Nearly 100 days of continuous prayer on-site at Segorea Te (also known as Glen Cove) near San Francisco, California, has precipitated a precedent-setting victory for the protection of a sacred site and ancestral burial site near Vallejo, California.
Here’s the good news:
Yesterday, the Yocha Dehe and Cortina tribes established a cultural easement and settlement agreement with the City of Vallejo and the Greater Vallejo Recreation District (GVRD). The agreement sets a legal precedent for granting Native peoples jurisdiction over their sacred sites and ancestral lands. The cultural easement forever guarantees that the Yocha Dehe and Cortina tribes will have legal oversight in all activities taking place on the sacred burial grounds of Sogorea Te/Glen Cove. It also represents a significant step forward in enacting tribal sovereignty, as the first such easement under CA Senate Bill 18 to be negotiated at the city and recreational district levels.
For more details, check out the Committee to Protect Glen Cove’s press release.
The historical and cultural value of the 3,500-year old site continues to be spiritually important to California tribes. On April 14th 2011, local Native Americans and supporters began a 24-hour prayer vigil at Sogorea Te to prevent the Greater Vallejo Recreation District from bulldozing/grading a large portion of the sacred site and constructing bathrooms and a parking lot.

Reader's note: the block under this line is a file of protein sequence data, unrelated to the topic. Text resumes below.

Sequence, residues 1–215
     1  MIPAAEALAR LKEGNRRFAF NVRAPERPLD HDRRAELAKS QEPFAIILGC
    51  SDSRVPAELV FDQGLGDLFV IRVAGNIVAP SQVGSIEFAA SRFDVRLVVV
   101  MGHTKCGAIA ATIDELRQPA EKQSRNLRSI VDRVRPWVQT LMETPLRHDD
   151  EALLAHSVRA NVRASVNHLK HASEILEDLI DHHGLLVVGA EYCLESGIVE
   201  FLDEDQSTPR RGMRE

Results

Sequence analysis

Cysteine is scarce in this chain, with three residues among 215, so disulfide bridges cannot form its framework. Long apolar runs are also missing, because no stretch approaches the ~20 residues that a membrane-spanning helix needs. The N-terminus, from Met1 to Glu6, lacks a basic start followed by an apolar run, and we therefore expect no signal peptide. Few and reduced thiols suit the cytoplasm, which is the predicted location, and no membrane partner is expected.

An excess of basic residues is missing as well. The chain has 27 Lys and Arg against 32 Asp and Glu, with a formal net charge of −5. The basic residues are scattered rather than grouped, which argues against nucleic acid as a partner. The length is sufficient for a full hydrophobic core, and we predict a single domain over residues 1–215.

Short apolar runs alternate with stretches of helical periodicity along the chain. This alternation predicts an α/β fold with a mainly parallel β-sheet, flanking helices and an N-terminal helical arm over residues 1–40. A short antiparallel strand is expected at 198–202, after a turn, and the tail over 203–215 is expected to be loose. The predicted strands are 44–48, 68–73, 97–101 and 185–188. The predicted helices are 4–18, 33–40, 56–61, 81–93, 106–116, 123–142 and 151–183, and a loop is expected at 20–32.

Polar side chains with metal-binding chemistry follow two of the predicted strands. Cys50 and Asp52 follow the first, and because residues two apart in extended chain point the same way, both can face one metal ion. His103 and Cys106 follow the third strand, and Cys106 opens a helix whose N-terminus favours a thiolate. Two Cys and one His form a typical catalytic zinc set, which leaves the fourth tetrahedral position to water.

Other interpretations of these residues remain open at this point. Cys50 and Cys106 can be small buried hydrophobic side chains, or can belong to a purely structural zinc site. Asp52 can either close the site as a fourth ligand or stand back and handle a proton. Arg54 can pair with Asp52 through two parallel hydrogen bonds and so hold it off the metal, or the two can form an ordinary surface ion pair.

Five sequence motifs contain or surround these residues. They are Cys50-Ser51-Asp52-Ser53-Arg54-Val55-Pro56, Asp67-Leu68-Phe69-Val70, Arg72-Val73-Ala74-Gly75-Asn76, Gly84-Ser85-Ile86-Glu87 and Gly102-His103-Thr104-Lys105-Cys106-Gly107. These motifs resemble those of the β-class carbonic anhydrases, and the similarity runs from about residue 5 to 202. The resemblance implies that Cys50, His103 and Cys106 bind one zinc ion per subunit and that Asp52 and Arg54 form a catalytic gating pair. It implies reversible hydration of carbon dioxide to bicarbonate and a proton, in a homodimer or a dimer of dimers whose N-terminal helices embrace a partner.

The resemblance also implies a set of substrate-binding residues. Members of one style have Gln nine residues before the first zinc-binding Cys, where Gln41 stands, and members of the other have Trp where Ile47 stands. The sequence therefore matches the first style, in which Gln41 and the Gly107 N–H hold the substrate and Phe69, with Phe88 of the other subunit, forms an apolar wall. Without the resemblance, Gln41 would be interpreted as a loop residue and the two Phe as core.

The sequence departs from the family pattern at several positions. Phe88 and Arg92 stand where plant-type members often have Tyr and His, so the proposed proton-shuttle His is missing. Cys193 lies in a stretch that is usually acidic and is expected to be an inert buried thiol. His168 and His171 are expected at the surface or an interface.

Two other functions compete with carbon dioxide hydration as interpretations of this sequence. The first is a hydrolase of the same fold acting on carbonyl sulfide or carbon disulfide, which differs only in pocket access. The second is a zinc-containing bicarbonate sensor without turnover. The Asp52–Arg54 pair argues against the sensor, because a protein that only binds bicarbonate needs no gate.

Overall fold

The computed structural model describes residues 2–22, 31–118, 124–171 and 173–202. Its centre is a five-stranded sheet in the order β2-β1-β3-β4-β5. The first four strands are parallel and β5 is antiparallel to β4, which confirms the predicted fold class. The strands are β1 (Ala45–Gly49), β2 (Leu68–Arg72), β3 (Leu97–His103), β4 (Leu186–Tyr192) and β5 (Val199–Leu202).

Rainforest Action Network is honored to stand in solidarity with the Committee to Protect Glen Cove. We sent an email to our 100,000+ supporters featuring an action alert that helped garner over 1500 emails from RAN activists to decision-makers in the City of Vallejo, Greater Vallejo Recreation Committee, and Native American Heritage Council urging for respect of sacred sites and the Native community. RAN staff and volunteers also organized an awesome benefit event in San Francisco that raised $700 to support the ongoing prayer vigil at Glen Cove. We are so happy to have been able to help impact this important local struggle.
The role that an organization like Rainforest Action Network has in supporting the Native leaders who are protecting Glen Cove isn’t just a good deed to be proud of. It is our responsibility to respect and stand in solidarity with the Indigenous Peoples whose land we live and work on. Thank you and congratulations to everyone who has worked to protect Segorea Te!